When Windows 10 Insider Preview Build 17672 showed up yesterday morning, I thought I was in for an easy ride. With three horses in that race, only one finished in a reasonable amount of time. Here’s the story…
With the GDPR ready to take effect on May 25, 2018, Win10.Guru is ready with a reworked subscription system and full disclosure of information retained about its visitors and subcribers.
Based on a design for voting machines where STAR stands for Secure, Transparent, Auditable and Reliable, I say that Windows needs STAR, too! This is a design philosophy everyone can get behind.
As I have revealed in several “War Stories” posts here at Win10.Guru, I’ve had major issues with Office 365 running on Windows 10 Insider Preview Skip Ahead builds. On two occasions since January 2018 I’ve thought that I finally had these issues resolved (read more). Alas, both solutions seem to have been pure coincidence. Even now,
A few days ago, the Wall Street Journal reported that JP Morgan Chase had hired former Carnegie Mellon University head of machine learning department Manuela Veloso as its new (and first!) head of artificial intelligence research. This clearly shows that JP Morgan takes AI seriously, as do most of major global big business players. AI will
Though there are some gotchas along for the ride on the Windows 10 April Update, Build 1803, by and large this latest release is workable and functional. IT pros will want to start testing it in their labs for eventual deployment, if they’ve not yet worked with this release.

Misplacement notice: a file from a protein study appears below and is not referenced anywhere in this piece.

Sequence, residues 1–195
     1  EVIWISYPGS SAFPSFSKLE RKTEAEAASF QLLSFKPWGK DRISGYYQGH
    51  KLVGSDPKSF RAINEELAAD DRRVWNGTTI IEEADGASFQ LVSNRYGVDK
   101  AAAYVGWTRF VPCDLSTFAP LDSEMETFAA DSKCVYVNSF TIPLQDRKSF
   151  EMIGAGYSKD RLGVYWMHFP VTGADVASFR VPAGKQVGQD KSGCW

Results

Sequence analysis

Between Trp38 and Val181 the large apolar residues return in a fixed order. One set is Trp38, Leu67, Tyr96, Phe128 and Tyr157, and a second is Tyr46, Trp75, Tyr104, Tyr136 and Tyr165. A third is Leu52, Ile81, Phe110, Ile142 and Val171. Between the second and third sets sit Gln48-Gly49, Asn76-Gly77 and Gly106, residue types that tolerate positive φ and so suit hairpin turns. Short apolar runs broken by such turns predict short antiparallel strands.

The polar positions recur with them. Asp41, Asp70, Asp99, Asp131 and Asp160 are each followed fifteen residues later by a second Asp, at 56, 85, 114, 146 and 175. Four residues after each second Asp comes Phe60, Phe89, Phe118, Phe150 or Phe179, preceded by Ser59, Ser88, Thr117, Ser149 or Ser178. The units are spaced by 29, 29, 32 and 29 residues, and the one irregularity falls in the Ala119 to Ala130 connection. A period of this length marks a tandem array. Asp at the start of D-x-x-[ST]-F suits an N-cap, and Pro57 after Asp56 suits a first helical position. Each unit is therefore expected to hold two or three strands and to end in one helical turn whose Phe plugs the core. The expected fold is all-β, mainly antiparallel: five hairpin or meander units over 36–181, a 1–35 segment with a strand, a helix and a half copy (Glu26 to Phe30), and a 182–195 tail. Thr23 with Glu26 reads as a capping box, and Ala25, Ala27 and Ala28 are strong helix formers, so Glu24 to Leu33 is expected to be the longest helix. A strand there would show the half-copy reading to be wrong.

When it comes to following new Windows 10 releases out the door, guesses and speculation may prefigure what happens, but they certainly won’t get it all right. The recent public release of Windows 10 Version 1803 chews over the power of Win10 rumors versus facts.
The “Regulation on the protection of natural persons with regard to the processing of personal data and on the free movement of such data, and repealing Directive 95/46/EC” — in short, the General Data Protection Regulation, or GDPR — comes to the end of its two-year transition period and will be fully enforced in four weeks, on
When it comes to staying out of security trouble, users must think and check what they do (and click). If they can think before acting, and act safely, they will be able to avoid security trouble completely.
Lenovo announced this week that it will start supporting Windows AutoPilot as the first Microsoft OEM Partner to do so. This excerpt from that post states the benefits: For the first time, IT Administrators will have the option to leverage Lenovo’s direct integration with Windows Autopilot’s capability to register Lenovo PC’s to their Azure Active